Relton, Clare, Li, Jessica, Strong, Mark, Holdsworth, Michelle, Cooper, Richard, Green, Mark and Bissell, Paul (2014) Deprivation, clubs and drugs: results of a UK regional population-based cross-sectional study of weight management strategies. BMC Public Health, 14 (1). ISSN 1471-2458

Despite rising levels of obesity in England, little is known about slimming club and weight loss drug (medication) use or users. In order to inform future commissioning, we report the prevalence of various weight management strategies and examine the associations between slimming club and medication use and age, gender, deprivation and body mass index.

A population based cross-sectional survey of 26,113 adults was conducted in South Yorkshire using a self-completed health questionnaire. Participants were asked whether they had ever used the following interventions to manage their weight: increasing exercise, healthy eating, controlling portion size, slimming club, over the counter weight loss medication, or meal replacements. Factors associated with slimming club and weight-loss medication use were explored using logistic regression.

Over half of the sample was either overweight (36.6%) or obese (19.6%). Obesity was more common in the most deprived areas compared to the least deprived (26.3% vs. 12.0%). Healthy eating (49.0%), controlling portion size (43.4%), and increasing exercise (43.0%) were the most commonly reported weight management strategies. Less common strategies were attending a slimming club (17.2%), meal replacements (3.4%) and weight-loss medication (3.2%). Adjusting for BMI, age, deprivation and long standing health conditions, women were significantly more likely to report ever using a slimming club (adjusted OR = 18.63, 95% CI = 16.52–21.00) and more likely to report ever using over the counter weight-loss medications (AOR = 3.73, 95% CI = 3.10-4.48), while respondents from the most deprived areas were less likely to report using slimming clubs (AOR = 0.60, 95% CI = 0.53-0.68), and more likely to reporting using weight loss medications (AOR =1.38, 95% CI = 1.05-1.82).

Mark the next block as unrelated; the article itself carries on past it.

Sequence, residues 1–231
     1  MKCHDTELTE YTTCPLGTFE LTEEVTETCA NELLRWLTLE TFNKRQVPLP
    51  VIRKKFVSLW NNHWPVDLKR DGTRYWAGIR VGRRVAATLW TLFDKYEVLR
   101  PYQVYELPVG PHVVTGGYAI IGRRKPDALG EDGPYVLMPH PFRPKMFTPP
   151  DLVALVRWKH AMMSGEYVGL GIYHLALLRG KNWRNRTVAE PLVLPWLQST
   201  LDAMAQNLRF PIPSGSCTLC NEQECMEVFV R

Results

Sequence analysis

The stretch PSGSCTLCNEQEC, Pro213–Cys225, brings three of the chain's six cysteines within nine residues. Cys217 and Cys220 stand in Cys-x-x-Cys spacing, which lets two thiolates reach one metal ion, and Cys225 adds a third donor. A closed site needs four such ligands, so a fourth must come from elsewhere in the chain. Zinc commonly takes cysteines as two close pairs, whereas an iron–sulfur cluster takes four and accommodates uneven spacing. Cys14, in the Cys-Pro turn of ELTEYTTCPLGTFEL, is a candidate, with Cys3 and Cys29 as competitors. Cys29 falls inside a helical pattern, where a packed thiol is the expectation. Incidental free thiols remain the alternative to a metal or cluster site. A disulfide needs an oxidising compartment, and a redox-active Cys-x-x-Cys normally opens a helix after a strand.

A large proportion of individuals report having used weight management strategies. Slimming clubs and over-the-counter weight loss medication account for a smaller proportion of the overall uptake. Those from less deprived areas were more likely to use slimming clubs while those from more deprived areas were more likely to use weight-loss medications. Future NHS and Local Authority commissioning of weight management services must be aware of this varying social gradient in weight management strategies.

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